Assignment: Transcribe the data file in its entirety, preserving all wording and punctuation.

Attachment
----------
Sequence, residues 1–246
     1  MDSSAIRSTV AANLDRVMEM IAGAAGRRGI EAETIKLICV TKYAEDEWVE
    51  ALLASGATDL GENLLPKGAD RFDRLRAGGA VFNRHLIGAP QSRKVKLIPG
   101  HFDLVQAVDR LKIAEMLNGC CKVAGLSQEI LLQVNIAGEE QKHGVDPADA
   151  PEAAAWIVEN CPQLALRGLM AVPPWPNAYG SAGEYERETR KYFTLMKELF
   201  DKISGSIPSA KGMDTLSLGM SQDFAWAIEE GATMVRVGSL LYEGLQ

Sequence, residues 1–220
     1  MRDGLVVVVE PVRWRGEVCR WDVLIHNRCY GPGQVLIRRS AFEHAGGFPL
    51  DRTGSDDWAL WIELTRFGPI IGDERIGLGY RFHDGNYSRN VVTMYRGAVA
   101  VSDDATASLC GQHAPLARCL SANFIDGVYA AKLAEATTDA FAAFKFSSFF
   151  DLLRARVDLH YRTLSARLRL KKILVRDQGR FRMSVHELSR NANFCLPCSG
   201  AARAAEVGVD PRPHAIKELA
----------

Sequence, residues 1–246
     1  MDSSAIRSTV AANLDRVMEM IAGAAGRRGI EAETIKLICV TKYAEDEWVE
    51  ALLASGATDL GENLLPKGAD RFDRLRAGGA VFNRHLIGAP QSRKVKLIPG
   101  HFDLVQAVDR LKIAEMLNGC CKVAGLSQEI LLQVNIAGEE QKHGVDPADA
   151  PEAAAWIVEN CPQLALRGLM AVPPWPNAYG SAGEYERETR KYFTLMKELF
   201  DKISGSIPSA KGMDTLSLGM SQDFAWAIEE GATMVRVGSL LYEGLQ

Sequence, residues 1–220
     1  MRDGLVVVVE PVRWRGEVCR WDVLIHNRCY GPGQVLIRRS AFEHAGGFPL
    51  DRTGSDDWAL WIELTRFGPI IGDERIGLGY RFHDGNYSRN VVTMYRGAVA
   101  VSDDATASLC GQHAPLARCL SANFIDGVYA AKLAEATTDA FAAFKFSSFF
   151  DLLRARVDLH YRTLSARLRL KKILVRDQGR FRMSVHELSR NANFCLPCSG
   201  AARAAEVGVD PRPHAIKELA